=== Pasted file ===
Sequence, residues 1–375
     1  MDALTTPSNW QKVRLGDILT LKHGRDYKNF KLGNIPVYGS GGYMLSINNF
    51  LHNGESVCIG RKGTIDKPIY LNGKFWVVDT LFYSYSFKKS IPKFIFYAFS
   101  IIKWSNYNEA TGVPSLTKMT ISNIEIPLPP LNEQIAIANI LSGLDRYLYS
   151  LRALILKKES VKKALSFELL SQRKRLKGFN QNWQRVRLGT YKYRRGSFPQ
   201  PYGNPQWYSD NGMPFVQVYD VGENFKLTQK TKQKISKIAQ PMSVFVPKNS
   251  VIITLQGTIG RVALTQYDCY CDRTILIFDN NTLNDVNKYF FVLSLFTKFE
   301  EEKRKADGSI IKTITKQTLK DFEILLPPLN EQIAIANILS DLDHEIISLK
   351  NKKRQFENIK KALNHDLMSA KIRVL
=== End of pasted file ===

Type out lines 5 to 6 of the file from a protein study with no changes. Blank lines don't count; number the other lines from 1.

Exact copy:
   151  LRALILKKES VKKALSFELL SQRKRLKGFN QNWQRVRLGT YKYRRGSFPQ
   201  PYGNPQWYSD NGMPFVQVYD VGENFKLTQK TKQKISKIAQ PMSVFVPKNS